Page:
deborah

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Re: How long can we wait while flattening the curve?
« Reply #3560 on: August 11, 2020, 07:14:25 PM »
How is life in the rest of Australia?  Are things fairly normal outside of Victoria?
I live in a jurisdiction that hasn’t had any cases at all for more than a month. We still have limits - in a few days gyms are going to be allowed to be 24/7 but with fewer customers, all shops and restaurants have limits on the numbers but the food courts will be allowed to have some tables soon. We aren’t supposed to travel far (and we can’t cross state borders)...

Bloop Bloop

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Re: How long can we wait while flattening the curve?
« Reply #3561 on: August 11, 2020, 07:30:42 PM »
As New Zealand has shown, elimination is not possible. Suppression is the only viable strategy. We have to get case numbers low enough so that community transmission is minimal/modest and then open up for the sake of limiting economic damage.

I think we should keep in place indefinite (till a vaccine is found) restrictions on extended family gatherings, weddings, funerals, indoor gatherings and all religious services, to limit community transmission. Low-risk activities involving only a couple or a few people like exercise, hiking, golf, and nuclear family gatherings should be allowed.

marty998

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Re: How long can we wait while flattening the curve?
« Reply #3562 on: August 12, 2020, 02:03:16 AM »
How is life in the rest of Australia?  Are things fairly normal outside of Victoria?

Am currently on public transport in Sydney. It’s about 5% as busy as it usually is in peak hour.

Was in the city over the weekend, most pubs were closed on Saturday night.

So no... things are not fairly normal here.

People are taking this seriously. And people are adapting.... I actually don’t see a lot of complaining at all... everyone is keeping as wide a distance as they can from each other.

Habits are being formed I guess.


alsoknownasDean

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Re: How long can we wait while flattening the curve?
« Reply #3564 on: August 12, 2020, 09:29:19 AM »
How is life in the rest of Australia?  Are things fairly normal outside of Victoria?

Am currently on public transport in Sydney. It’s about 5% as busy as it usually is in peak hour.

Was in the city over the weekend, most pubs were closed on Saturday night.

So no... things are not fairly normal here.

People are taking this seriously. And people are adapting.... I actually don’t see a lot of complaining at all... everyone is keeping as wide a distance as they can from each other.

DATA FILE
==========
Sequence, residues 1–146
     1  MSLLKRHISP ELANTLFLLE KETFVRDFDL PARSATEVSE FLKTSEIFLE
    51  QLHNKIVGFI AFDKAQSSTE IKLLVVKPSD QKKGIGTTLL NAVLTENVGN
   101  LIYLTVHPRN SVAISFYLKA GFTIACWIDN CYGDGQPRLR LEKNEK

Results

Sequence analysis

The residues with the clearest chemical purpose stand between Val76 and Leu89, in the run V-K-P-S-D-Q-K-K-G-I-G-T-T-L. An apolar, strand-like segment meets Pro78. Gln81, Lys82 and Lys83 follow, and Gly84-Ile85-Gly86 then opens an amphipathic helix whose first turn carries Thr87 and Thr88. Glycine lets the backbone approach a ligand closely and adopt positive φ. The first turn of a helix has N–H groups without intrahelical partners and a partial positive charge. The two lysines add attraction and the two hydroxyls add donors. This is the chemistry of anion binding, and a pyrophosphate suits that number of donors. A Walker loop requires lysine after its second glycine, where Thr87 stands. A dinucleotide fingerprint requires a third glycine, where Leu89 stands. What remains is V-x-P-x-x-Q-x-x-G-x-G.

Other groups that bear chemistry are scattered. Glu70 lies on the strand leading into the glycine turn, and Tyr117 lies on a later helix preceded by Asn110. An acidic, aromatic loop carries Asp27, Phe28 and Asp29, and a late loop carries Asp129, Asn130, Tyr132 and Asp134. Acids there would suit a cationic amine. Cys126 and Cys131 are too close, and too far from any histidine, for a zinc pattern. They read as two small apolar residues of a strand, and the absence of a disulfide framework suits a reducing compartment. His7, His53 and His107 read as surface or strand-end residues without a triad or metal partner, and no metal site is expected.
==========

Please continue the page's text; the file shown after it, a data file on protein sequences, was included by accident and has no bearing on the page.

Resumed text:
Habits are being formed I guess.

Are many people wearing masks up there? With the continued lower-level transmission in Sydney, surely there'd be discussion over a mask mandate coming into order up there.

I've taken public transport once since early March. That was because I was moving house and decided to ride my bike from my old home to my new home, and got the bus back.

But I'm sure that things are pretty much normal outside of Victoria and parts of NSW. The odd case keeps popping up in other states, but aside from a few cases in Queensland, most of them are from people in quarantine. Facebook posts from friends in Tasmania and Western Australia seem to indicate that things are fairly normal there.

dougules

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Re: How long can we wait while flattening the curve?
« Reply #3565 on: August 12, 2020, 01:21:46 PM »
Meanwhile, in the heart of Murica...

https://www.usatoday.com/picture-gallery/news/nation/2020/08/09/2020-sturgis-motorcycle-rally-draws-thousands-no-mask-requirements-covid-19-coronavirus/3331908001/

The irony is that the main demographic at Sturgis is older overweight males.  Exactly the high risk group. 

JGS1980

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Re: How long can we wait while flattening the curve?
« Reply #3566 on: August 12, 2020, 01:46:58 PM »
who smoke and drink more than the average male of that demographic

marty998

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Re: How long can we wait while flattening the curve?
« Reply #3567 on: August 12, 2020, 03:35:06 PM »
Are many people wearing masks up there? With the continued lower-level transmission in Sydney, surely there'd be discussion over a mask mandate coming into order up there.

All 12 people in my train carriage right now are wearing masks and sitting an appropriate distance apart.

Bloop Bloop

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Re: How long can we wait while flattening the curve?
« Reply #3568 on: August 12, 2020, 10:13:19 PM »
Numbers dropping here in Victoria thank god and it's been only 10 days since the first of the stage 4 restrictions came in and only 7 days since the retail closure kicked in. So I think the drop has been driven by the earlier stage 3 restrictions and hopefully the stage 4 restrictions drive further decreases in coming days.

Then we can start the most important discussion about when to open things up again. Commuting, Retail, dining, construction would be a good start to try to limit the economic damage and get consumer spending back to normal. We do need to keep hospitals, abattoirs, and aged care homes under lock and key for a while though.

Good news too about vaccine trials. If those go to plan then maybe by early next year we can return to normal, or effectively normal (just with bans on large gatherings).